Thursday, November 14, 2013

Watch out below!!!!

*Image from goodle images


Ahhhhhhhhhhhhhhhhhhhhhhhhhhhhhhhhh, that feels much better....................................................NOT!!!!

This is just where I am right now and how I'm feeling about my Bioinformatics course too!! Double URGH!!!!!

So here's the problem, after TWO WEEKS of trouble shooting, I FINALLY got a program given in class to work. Why did it take ME so long? They use the Mac operating system (OS), and I use Ubuntu. Why do I use Ubuntu when almost NONE of the folks at school doing this type of work use it? Because in the "real world" of Bioinformatics, most folks program in Linux which is what Ubuntu based on. And in a field like computer science, a LOT of what you learn in school is not only obsolete by the time you finish your program, you can be pretty sure that in the "real world", no one or few people are using what you learned in school.

That said, many people in Bioinformatics use the Mac OS (like the NIH), it's just that since most Bioinformatics departments are made of Computer Scientists (who have honestly mucked it up IMHO), you have to learn to use the OS they frequently use. And this creates a situation where from an employment point of view, they'll always be needed since it's just too much trouble for the average Medical/Life Scientists (MLS) to be trained to do this stuff. Along those same lines, it's also the reason I sense a tiny bit of resentment from a couple of the computer scientists (CS) folks I work with. But I digress, the point I'm making is that taking the leap from Medical/Life Science to essentially computer science is the MOST challenging thing I've EVER done. But personality wise, I'm so well suited for it because: 1) I'm as tenacious as they come and 2) I enjoy challenge of leaning something new. And like it or not, a LOT of medical science and research is going to involve a significant amount of computer generated data (human genome, anyone?) in the future. So yeah, my code may not be as "pretty" as that from a CS person, but it's functional. More than that, other people like me can understand it because I write it in a way for folks like me to understand.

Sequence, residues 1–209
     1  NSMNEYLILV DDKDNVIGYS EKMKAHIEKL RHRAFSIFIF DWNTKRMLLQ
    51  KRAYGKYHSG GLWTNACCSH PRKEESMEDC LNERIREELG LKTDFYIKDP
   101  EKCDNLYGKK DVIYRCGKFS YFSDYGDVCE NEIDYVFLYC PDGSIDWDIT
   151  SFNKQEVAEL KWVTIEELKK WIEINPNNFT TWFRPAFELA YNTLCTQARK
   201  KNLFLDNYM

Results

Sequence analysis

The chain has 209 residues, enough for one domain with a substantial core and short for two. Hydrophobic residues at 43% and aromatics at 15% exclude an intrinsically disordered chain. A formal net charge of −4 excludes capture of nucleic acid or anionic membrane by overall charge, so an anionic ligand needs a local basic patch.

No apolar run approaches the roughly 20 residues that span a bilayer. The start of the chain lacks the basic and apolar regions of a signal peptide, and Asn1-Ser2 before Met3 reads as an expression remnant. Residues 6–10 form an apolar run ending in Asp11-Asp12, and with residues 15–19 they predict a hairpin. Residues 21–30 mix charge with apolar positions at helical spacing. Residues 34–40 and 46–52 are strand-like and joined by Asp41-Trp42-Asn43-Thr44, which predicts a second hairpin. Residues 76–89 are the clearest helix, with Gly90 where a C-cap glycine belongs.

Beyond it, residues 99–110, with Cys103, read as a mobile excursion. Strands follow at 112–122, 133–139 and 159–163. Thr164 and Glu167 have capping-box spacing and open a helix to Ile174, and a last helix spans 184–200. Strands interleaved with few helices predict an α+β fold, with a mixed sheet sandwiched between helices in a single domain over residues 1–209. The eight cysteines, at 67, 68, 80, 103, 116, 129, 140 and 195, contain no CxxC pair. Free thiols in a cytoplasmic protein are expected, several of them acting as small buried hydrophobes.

Here's an example of the disparate way of thinking between CS and MLS folks. CS person says their doing sequencing of a portion of Chromosome #24? MLS says that there is no chromosome #24, there are 22 pairs of chromosomes and a pair of sex chromosomes, unless you're talking about a person with Downs Syndrome or Klinefelter's Syndrome. So if CS sends you a file referencing chromosome #25 to MS, the MS has a few questions to ask. You see CS folks are typically VERY bright, but they don't have the type of training folks in the clinical and life sciences have. And that's the HUGE gap in why EHRs don't work that well, but that's a conversation for another day.

The fact that I spend as much time looking at the results of my programs as I do troubleshooting it, is just the way it is for a newbie like me. And what I hope to do as I'm developing skills in this area, is to create resources that will not only be of use to me, but to others who think like me too.

Now I must get back to doing sequence alignments for a portion of the human chromosome Y, NOT chromosome #25 and NOT a male with Klinefelter's Syndrome either.

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